grade for each content area.

Printing of the progress report is done by the Student Information Assistant (SIA). Teachers have the
capability of printing copies of the progress report, but these copies are unofficial and should be marked
as such. Unofficial copies should not be given to parents, but can be shown to parents at conferences if
progress reports have not yet been printed.

Progress Reports will be sent home in an envelope that contains information about the standards-based
progress report and has directions on how to access the grade level skills via the web (go to
www.fcps.edu click on “parents” then search for “Elementary Progress Reports”). The envelope should
be signed by the parent and returned to school as it will be used each time the progress report is sent
home.

Kindergarten teachers will not complete a first quarter progress report. Information will be conveyed to
parents through parent conferences at the end of the first quarter. A copy of the progress report should
be given to parents at the time of the conference. In addition, kindergarten teachers may include
assessment information from first quarter in the second quarter grades, particularly if the standard is
taught first quarter and will not be revisited the remainder of the year.

The transcript of the new progress report will be sent to middle schools when students move from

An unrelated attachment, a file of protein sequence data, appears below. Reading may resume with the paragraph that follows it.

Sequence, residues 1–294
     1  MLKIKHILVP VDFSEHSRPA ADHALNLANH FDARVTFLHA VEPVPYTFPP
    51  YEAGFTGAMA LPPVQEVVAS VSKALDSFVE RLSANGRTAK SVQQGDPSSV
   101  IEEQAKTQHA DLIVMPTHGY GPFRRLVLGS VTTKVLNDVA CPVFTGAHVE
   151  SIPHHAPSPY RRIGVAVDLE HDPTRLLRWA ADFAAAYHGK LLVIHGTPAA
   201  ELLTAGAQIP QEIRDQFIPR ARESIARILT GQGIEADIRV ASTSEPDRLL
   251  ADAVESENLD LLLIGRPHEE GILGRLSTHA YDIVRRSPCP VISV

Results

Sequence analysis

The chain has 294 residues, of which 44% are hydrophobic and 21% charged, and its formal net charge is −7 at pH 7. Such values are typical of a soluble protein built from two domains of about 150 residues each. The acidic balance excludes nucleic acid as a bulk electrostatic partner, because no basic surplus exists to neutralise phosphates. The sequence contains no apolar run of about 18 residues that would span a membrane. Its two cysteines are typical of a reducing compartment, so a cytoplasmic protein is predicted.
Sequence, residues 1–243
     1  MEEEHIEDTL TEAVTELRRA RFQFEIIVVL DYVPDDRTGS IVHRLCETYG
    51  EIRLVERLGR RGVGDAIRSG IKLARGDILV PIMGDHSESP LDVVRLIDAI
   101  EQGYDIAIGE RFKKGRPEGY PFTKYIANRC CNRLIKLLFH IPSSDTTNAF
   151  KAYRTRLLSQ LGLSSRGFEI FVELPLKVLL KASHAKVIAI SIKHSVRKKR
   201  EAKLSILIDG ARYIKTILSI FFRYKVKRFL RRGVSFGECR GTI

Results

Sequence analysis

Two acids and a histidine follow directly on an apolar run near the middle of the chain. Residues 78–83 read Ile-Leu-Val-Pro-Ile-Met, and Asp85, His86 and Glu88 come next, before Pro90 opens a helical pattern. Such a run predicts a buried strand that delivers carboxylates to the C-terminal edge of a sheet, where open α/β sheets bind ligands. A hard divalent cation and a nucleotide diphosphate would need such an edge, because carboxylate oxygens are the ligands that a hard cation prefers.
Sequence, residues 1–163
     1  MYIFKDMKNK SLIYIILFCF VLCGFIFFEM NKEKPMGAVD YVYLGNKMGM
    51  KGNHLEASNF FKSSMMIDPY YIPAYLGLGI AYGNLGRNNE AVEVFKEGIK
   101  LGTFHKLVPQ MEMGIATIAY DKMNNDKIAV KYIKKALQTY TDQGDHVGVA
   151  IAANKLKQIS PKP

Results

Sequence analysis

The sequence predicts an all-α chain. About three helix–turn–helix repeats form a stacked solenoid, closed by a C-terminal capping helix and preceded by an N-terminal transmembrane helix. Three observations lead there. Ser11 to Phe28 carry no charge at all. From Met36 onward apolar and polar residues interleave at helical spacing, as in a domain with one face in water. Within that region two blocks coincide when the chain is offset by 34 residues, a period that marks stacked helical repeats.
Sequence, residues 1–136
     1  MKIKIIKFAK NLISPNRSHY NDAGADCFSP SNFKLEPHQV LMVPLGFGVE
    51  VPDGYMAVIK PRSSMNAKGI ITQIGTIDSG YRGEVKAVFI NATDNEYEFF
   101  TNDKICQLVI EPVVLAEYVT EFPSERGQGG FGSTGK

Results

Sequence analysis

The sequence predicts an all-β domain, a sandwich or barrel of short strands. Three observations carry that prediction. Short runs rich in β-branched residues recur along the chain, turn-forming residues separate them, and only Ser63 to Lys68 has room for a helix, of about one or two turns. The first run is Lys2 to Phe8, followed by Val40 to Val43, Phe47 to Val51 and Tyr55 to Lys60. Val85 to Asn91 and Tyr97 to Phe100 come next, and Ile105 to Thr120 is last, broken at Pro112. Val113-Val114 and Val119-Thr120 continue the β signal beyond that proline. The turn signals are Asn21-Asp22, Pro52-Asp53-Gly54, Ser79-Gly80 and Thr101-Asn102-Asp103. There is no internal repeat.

elementary to middle. These transcripts are only provided as information. They are not used to qualify
students for special programs. Grades on the elementary progress report can assist parents in making
informed decisions regarding course selection at the middle school level. Middle schools are not
revising their report cards at this time.

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16
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What Do the Marks/Grades Mean?

         Frequency of behavior, seldom
         Requires considerable support when
         demonstrating understanding
         Demonstrates limited understanding of
1        content taught
         Makes frequent errors when
         demonstrating concepts or processes
                                                      Seed planted in soil
         taught

     •   Frequency of behavior, some of the time
     •   Requires moderate support when
         demonstrating understanding
     •   Demonstrates a partial understanding of
2        content taught
     •   Makes some errors or omissions when
         demonstrating concepts or processes
         taught                                          Seed sprouting

     •   Frequency of behavior, most of the time
     •   Requires limited support when
         demonstrating understanding
     •   Demonstrates a general understanding of
         content taught
3    •   Makes few errors or omissions when
         demonstrating concepts or processes
         taught
                                                      Stem growing leaves

         Frequency of behavior, nearly all the time
         Requires no support when demonstrating
         understanding
         Demonstrates a thorough understanding
4        of content taught
         Makes no major errors or omissions when
         demonstrating concepts or processes
         taught
                                                      Fully grown flower